House, truck and jungle
Art picture books from India and Pakistan
As India and Pakistan celebrate 70 years of independence, international children’s book reviewer, Kate Shepherd looks at three stunning art picture books from the region that portray three very different styles.
The House That Sonabai Built: Looking at Art series by Vishakha Chanchani & Stephen P Huyler (photographer) pb 9789350466278 $22.00
This photographic picture book tells the true story of Sonabai who was married at just 14 years old to a man much older than herself. She lived in a rural village and was very limited in what she was allowed to do. When she had a child she decided to make him some toys from the clay she had discovered near the village well. This was the start of an amazing creative life, in which she made toys but also decorated her whole house with patterns and figures and screens which filtered light and were decorated with animals, birds and people.
She came from a village with a tradition of decorating the walls of their houses with dung and mud and then making patterns but she went so much further. She used bits of straw and bamboo to give strength to her figures and latticework and then pressed in clay to make the figures and forms. She painted them in bright colours from natural food stuffs. When four people from an art and craft association in Bhopal came to the house looking for folk artists, they were astounded to see the wonderful works of art she had created.
Her work became celebrated and many exhibitions were arranged for Sonabai, who was shy but gave workshops around the world, always accompanied by her son. She also passed on her unique skills to people in her village so that there are still many artists who carry on the style and magic of her work today. (8 – 13 years)
This Truck has got to be Special by Anjum Rana Illustration design Samer Kulavoor Truck art Hakeen Nawaz & Amer Khan hb 978938314523 $30.00
Anyone who has seen the amazing Pakistani trucks covered with brilliantly coloured designs and paintings of animals and animals will be delighted with this book as it celebrates the work of the truck artists. This picture book is a collaboration between a Pakistani writer, two Pakistani truck artists and an Indian illustrator. It tells the story of Gul, a truck driver who finally owns his own truck and wants it to be painted just beautifully. The book describes how Gul and the truck artist work together on the design for the artwork on the truck.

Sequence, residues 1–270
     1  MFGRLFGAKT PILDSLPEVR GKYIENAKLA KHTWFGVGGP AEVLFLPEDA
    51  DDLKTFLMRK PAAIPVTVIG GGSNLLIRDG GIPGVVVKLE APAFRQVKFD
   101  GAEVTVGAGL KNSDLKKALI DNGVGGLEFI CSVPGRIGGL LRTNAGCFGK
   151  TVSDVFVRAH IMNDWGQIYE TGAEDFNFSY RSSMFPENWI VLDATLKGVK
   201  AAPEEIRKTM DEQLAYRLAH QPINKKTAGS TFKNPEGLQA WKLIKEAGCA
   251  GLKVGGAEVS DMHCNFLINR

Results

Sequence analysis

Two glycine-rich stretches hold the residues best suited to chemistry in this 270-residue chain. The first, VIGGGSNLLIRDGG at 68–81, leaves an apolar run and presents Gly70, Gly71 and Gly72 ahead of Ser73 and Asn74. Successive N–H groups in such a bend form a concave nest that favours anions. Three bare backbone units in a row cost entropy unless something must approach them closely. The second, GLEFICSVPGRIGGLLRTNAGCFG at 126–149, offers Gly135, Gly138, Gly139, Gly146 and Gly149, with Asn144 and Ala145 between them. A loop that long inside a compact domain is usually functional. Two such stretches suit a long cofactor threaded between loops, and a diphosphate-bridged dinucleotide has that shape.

It also describes his life as a truck driver in Pakistan and the routes in Northern Pakistan where he travels. The design of the book is striking in that the background illustration is in black and white while the art on the truck appears in a burst of colour. At the end of the book there is a description of how the book came about and some information on truck art. This is a fascinating book of special interest to art teachers. (9 – 16 years)
The London Jungle Book by Bhajju Shyam with Gita Wolf and Sirish Rao hb 9788192317120 $25.00
This is a remarkable book in so many ways. Bhajju Shyam was brought up in a tribal village in the jungle but, as a young man, he learnt how to paint in the tradition of the Gond artists. He became very well known and was invited to go to London to paint the walls of a new restaurant. For him, a tribal man to travel in a plane and then to live in a city such as London was an extraordinary experience. This book shows us Bhajju Shyam’s unique vision of his experiences, through text and paintings. Gond artists are not interested in portraying what they see realistically; theirs is a world of feelings and imagination. Bhajju was amazed at the experience of flying and he felt he must be upside down since the clouds were below. The idea of an underground train made him think of a train snuggling through the earth like a giant earthworm. He was surprised that English people seem to change character when they enter a pub; they become happier and laugh a lot. He draws them as bats since they wear dark clothes and come out at twilight and make loud noises.
In London, he found that everyone checked their watches all the time, whereas in his village the rooster would wake him up. His stunning painting of Big Ben with the clock face superimposed on the head of a rooster combines two symbols; Big Ben, the symbol of time in London and the rooster, the symbol of time for Gond people. He marvelled at what he saw in London and because he had no language to communicate his feelings to those around him, his impressions became all the more vivid. This is a stunning picture book, beautifully illustrated and produced. There is a fascinating section at the end of the book where the publishers describe how they met Bhajju and listened to his stories about his travel and conceived the idea of combining his own words and paintings in a book conveying a Gond view of London. The title compares Bhajju’s view of London with Kipling’s much earlier view of India. (7 years to adult)